workflow with Premier

Discussion in 'Digital Video' started by islanders, Jul 12, 2011.

  1. islanders macrumors 6502

    Joined:
    Jul 21, 2006
    Location:
    Charleston, SC
    #1
    I would appreciate some suggestions for working with Premier. At the time I'm using a MBP 13 i5 8gb ram, Canon HV 40 and Premier Pro 5.5.

    What are the limitations with this set up? Would I want work with native resolution? I'm not sure at what point does the size of the file or work load becomes a limitation? For example would it be reasonable to use my MBP and an external drive if I'm making a documentary? Apparently Premier doesn't have the prores codac. It can use Avid DNX yet there would be compromise is video quality for some formats. At what point would that be a limitation?

    I also have access to some audio equipment.

    What is the first thing you would improve on this set up? Is it a huge mismatch? I could add another camera/computer in the future. Would it be too limited for local broadcast HD, making a HD DVD for sale, or getting paid for events or a commercial? (I didn't buy it for this but just trying to get a better understanding of the limitations, which I'm hoping is me.) :) Should I consider FCP X instead? Any advice would be appreciated.
     
  2. mBox macrumors 68020

    Joined:
    Jun 26, 2002
    #2
    First off there is not compromise using Avids DNxHD, specially 220x which is 10bit.
    The compromise would be if you were to use a lower setting for the sake of editing on a slower (laptop) system. We have proven that this isnt true since we edit R3D (RED 4K resolution) files on a 2010 MBP and Avid MC 5.5.
    The only time Ive seen the ProRES codec from within Premiere is when I had both FCP and CS5 on the same system.
    Investigate if the codec is available as a stand alone.
    If your just starting out then your lucky.
    You dont have to worry about multiple formats and stupid hardware tricks :p
    You get to learn and create :)
     
  3. pcmxa macrumors regular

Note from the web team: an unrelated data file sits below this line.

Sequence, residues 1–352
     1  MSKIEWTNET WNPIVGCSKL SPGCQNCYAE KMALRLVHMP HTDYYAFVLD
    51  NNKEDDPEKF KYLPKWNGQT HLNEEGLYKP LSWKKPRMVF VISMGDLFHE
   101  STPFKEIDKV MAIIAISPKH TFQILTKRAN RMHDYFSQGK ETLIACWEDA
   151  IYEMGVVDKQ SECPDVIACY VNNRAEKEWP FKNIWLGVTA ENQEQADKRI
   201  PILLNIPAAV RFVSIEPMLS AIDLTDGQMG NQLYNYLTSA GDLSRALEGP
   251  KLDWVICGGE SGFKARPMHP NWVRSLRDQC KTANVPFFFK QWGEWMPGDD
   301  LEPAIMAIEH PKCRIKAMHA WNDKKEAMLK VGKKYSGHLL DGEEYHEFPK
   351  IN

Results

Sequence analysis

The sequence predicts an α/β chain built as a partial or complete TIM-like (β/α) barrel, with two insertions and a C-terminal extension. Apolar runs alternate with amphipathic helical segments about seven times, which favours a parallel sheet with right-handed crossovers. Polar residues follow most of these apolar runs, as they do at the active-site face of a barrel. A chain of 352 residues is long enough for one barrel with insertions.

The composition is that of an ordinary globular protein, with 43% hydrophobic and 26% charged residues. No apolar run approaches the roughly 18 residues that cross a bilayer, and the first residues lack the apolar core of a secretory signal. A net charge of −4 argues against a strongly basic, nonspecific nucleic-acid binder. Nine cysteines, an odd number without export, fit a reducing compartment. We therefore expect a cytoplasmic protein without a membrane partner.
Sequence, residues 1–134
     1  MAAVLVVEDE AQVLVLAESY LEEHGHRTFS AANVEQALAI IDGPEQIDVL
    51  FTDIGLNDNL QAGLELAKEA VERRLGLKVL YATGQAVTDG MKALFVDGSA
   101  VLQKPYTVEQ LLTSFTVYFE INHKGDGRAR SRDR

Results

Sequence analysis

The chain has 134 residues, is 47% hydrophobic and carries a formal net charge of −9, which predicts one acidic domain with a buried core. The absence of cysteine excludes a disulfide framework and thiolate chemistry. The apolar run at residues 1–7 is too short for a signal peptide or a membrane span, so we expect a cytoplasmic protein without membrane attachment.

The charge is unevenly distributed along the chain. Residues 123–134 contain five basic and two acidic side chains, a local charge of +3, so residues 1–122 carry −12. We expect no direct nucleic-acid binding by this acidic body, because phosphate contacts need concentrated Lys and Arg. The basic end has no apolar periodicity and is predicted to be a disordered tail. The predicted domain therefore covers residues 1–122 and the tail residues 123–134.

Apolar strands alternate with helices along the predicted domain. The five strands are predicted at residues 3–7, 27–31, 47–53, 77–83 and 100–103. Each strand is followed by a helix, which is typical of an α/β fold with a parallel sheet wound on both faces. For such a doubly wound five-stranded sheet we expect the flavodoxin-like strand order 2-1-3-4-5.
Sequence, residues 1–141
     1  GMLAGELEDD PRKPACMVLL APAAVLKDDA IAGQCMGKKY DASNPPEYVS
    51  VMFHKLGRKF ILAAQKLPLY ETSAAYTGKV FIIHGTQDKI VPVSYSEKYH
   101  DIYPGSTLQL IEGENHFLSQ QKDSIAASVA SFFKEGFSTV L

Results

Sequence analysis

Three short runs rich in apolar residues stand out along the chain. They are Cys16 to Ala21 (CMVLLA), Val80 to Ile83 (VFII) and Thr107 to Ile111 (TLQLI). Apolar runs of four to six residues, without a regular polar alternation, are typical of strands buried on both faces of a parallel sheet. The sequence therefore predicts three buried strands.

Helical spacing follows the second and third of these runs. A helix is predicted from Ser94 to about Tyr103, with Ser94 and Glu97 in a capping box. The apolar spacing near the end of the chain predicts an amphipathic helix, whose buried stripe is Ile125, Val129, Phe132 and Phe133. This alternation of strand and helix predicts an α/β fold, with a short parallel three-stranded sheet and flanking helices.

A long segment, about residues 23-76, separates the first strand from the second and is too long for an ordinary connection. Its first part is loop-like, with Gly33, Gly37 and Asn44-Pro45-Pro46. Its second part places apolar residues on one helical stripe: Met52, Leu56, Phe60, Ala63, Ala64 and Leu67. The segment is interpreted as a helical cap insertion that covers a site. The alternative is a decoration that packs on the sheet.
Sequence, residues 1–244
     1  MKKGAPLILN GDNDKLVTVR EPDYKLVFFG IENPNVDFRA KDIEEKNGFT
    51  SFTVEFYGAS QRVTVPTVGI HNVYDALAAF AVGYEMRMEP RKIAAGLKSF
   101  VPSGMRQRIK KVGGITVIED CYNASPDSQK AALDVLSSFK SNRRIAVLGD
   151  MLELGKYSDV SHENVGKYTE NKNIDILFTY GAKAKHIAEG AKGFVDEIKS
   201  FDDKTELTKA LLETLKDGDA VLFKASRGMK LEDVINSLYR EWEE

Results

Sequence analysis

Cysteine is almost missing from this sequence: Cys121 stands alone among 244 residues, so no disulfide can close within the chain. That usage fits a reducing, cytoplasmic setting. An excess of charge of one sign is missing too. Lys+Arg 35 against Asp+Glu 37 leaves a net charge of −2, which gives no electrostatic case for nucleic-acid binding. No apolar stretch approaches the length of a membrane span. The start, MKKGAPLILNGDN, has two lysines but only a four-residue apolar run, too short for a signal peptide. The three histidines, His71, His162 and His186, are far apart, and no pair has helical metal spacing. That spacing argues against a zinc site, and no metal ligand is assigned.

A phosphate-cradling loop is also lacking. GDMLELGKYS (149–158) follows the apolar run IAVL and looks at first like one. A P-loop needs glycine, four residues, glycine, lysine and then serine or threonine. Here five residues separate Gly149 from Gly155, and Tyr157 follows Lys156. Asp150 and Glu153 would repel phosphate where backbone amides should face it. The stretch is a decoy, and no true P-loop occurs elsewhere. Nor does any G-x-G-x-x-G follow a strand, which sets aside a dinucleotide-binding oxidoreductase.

pcmxa

    Joined:
    Apr 9, 2011
    Location:
    ABQ
    #3
    I believe if you go here http://support.apple.com/kb/DL1396 you can download the Prores codec in all of its flavors. That should allow Premier to use them. I am not positive since I have both FCP and Premier and the Prores being available to Premier could be from that.
     
  4. mBox macrumors 68020

    Joined:
    Jun 26, 2002
    #4
    Well ProRES is a QT codec. If you installed an app that uses special codec itll be almost certain (I say that cause I found a few that dont work this way) that itll work on Adobe.
     
  5. islanders thread starter macrumors 6502

    Joined:
    Jul 21, 2006
    Location:
    Charleston, SC
    #5
    A few threads have pointed out that you need to have FCP installed on a Mac computer to have full access to ProRes.

    Here is who source who is a certified Premier trainer.

    http://forums.creativecow.net/thread/3/913067#913067

    "You can't encode (render out/export, etc.) to ProRes unless you are on a Mac with FCP installed...or you have a system with SDI, HDMI, or analog component HD output and an external recording device lika an AJA KiPro."

    Another thread said that the Avid DNxHD was 8bit so good to learn of the 10bit. So I'll most likely use that one if necessary as it is good as ProRes and Avid allows free access to it.

    Still uncertain of how Premiere will handle audio? I don't need the entire suite but don't know how I'll go about the audio with Premiere, if there are other options or if Premiere will be good enough for free lance work as a stand alone?
     
  6. mBox macrumors 68020

    Joined:
    Jun 26, 2002
    #6
    The only comment I have with the audio that it works :(
    Thats as far as I can say.
    We use Protools for audio and most cases the Avid does it all for us.
    I think it depends on what your dealing with. If its docs and is not for major broadcast you should be fine.
    But I do understand that its good to know if the software your sleeping with can at least do some of the more important things ;)
     
  7. pcmxa macrumors regular

    pcmxa

    Joined:
    Apr 9, 2011
    Location:
    ABQ
    #7
    I went to the link you mentioned and I am not sure it is entirely accurate. I think the reason you need FCP installed to access prores is that the codecs initially only came with FCP. When Apple released FCPx they also released a pack of codecs that could be downloaded. People have downloaded these and have successfully encoded to Prores using iMovie and other programs. Once the codecs are installed they should be available to any computer with the ability to write quicktime formats. the only reason I am not certain is because I have FCP (and FCPx) installed. I think I might uninstall them and see if the are still there.

    You can render to Prores, directly from Premier (see attached screen shot).

    The audio in Premier is acceptable. A few basic filters and transitions. Nothing fancy, but enough for basic projects. For good sound you will need SoundBooth or Audition (or any DAW).
     

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